The controversy surrounding the decision to air Enoch Powellâs Rivers of Blood speech has reminded us how, 50 years on, it still has the power to shock and offend. But the hatred that courses through each line, offensive distortions and carefully crafted phrases designed to whip up fear and hostility are much less shocking than how depressingly familiar the echoes of Powell and his arguments are in our mainstream political debate.
A decade before that speech, my dad arrived in Britain from Calcutta to find colour bars in operation, denying him and thousands of others work, housing and entry to pubs and social clubs across the country. That oppressive reality created a generation of civil rights leaders and activists who together built the institutions, laws and partnerships that changed Britain and brought hope flickering back to life.
His contribution â founding the Runnymede Trust, co-authoring the Race Relations Act and establishing the Equal Opportunities Commission â was one part in a wider movement of campaigners, trade unionists and Liberal, Labour and Conservative politicians that gave many in my generation a sense that the arc of history inevitably bends towards progress. The last few years have been a stark reminder that it doesnât.
Attitudes towards immigration may have become much more positive in the last decade, but concern about the impact of immigration on cultural life in Britain endures. Polling for Hope Not Hate this week found four in 10 of us think our multicultural society isnât working, while nearly as many see Islam as a threat to the âBritish way of lifeâ.
With Islamophobia and anti-Semitism on the rise, political leadership is badly needed. As Manchester Universityâs Rob Ford puts it, we are deeply divided in our attitudes to immigration âby age, education, class, heritage and economic insecurity. Almost all of those divides are growing.â Those hardening, polarised attitudes are why wrongheaded attempts to find the middle ground, or split the difference, will always fail.
Extremists find fertile ground in insecurity. As Jonathan Freedland writes, decent incomes, housing and opportunity are essential âto starve them of the oxygen that allows them to thriveâ. But behind this pervasive anxiety is also a deeper sense of loss and a belief that we have staked out a future hostile to the things that matter most: time with families, dignified, meaningful work and the shared spaces and community institutions that embody our history, mould our identity and â as Jesse Norman once wrote â âhelp to shape and define us as we shape and define themâ. âTake back controlâ resonated in areas where their loss is palpable. In a world spinning out of control, change is frightening.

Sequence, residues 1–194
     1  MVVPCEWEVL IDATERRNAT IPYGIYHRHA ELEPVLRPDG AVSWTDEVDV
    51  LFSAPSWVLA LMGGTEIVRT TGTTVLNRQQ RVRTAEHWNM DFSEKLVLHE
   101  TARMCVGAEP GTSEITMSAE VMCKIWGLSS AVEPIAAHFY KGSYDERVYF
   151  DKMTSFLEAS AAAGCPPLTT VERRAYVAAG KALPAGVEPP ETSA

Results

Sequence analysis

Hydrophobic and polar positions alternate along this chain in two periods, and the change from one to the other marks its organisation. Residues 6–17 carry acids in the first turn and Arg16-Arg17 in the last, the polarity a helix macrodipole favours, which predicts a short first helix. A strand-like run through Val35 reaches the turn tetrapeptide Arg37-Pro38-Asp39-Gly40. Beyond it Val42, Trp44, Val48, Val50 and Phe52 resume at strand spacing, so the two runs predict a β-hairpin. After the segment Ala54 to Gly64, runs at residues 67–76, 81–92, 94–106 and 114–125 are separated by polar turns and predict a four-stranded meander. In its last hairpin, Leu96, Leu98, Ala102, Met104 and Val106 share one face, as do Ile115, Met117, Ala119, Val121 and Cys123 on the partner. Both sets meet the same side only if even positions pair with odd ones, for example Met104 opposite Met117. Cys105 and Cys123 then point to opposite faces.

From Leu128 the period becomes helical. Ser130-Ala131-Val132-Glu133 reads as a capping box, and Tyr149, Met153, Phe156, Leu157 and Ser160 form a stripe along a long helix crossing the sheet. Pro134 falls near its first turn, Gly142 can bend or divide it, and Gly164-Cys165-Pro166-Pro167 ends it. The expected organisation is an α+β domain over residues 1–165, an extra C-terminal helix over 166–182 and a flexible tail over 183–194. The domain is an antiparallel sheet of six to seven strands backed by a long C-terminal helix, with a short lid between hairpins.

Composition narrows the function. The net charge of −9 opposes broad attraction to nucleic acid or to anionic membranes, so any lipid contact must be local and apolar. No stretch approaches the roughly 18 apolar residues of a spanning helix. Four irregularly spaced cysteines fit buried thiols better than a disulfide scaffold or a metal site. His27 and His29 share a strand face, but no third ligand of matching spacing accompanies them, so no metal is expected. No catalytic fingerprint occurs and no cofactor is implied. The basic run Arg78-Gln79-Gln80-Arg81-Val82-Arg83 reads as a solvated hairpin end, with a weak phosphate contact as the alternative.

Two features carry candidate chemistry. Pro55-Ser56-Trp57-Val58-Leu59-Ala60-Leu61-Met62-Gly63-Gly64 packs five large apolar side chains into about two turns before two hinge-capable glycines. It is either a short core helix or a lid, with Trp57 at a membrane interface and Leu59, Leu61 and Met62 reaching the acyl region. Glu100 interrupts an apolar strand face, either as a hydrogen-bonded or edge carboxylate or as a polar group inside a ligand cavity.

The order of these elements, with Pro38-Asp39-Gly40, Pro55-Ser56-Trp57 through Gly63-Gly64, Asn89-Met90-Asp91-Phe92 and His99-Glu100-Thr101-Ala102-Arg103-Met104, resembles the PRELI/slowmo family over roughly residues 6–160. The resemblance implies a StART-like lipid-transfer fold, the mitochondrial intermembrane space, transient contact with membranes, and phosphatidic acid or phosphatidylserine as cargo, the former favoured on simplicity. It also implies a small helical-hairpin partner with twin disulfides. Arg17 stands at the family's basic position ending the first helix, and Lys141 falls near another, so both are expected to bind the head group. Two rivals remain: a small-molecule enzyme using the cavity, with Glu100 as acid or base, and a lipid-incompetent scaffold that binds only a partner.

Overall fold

The remedy to this is power. Iâve seen it in my own constituency when Serco placed hundreds of young asylum seekers into a hotel in a small village without warning. It caused chaos until people were empowered with knowledge and the ability to act and responded with warmth and generosity. Compassion, tolerance and understanding do not endure in a climate of fear but they thrive in a confident, empoweredÂ society.
But what is the glue that holds this society together? Powellâs revolting invocation of the River Tiber foaming with blood drew up a nightmarish vision for Britain. That was his vision, but where is ours?
A long familiar campaign, from Rivers of Blood to the shameful Breaking Point poster, has sought not only to persuade us that migrants are to blame for our problems, but to airbrush their contribution from history and in doing so to airbrush ours. The city I grew up in, Manchester, was shaped by waves of immigration, while in Wigan and across Lancashire the two sides of my heritage came together when textile workers stood shoulder to shoulder with Indian cotton pickers at huge personal cost.
This history of graft, friendship and strength, often against the odds, of millions of working people and migrants who fought for economic and social progress and against racism and âdo so stillâ as the playwright David Edgar says âbecause itâs the right thing to doâ is not the only story â but it is one that must not be forgotten. If we allow the story of Britain, and what makes us who we are, to be claimed by the right, we will never claim the future.
When I grew up in 1980s Manchester, as a child with mixed heritage, the anger of the Moss Side riots was still palpable and racism was an everyday feature of daily life. Yet despite the brutality of the police and the cruelty of the playground there was a sense of progress. Last year another of my generation, the American writer Ta-Nehisi Coates, wrote movingly about his decision to write about, and therefore be defined by, race. For my fatherâs generation it was not a choice. The gift they gave us was that our race need not solely define us. Who can now say that is true? The depressing familiarity of Powellâs speech today should be a warning to my generation that we must pick up the baton and hand this country on in a much better state to those who come next.
Lisa Nandy is MP for Wigan.
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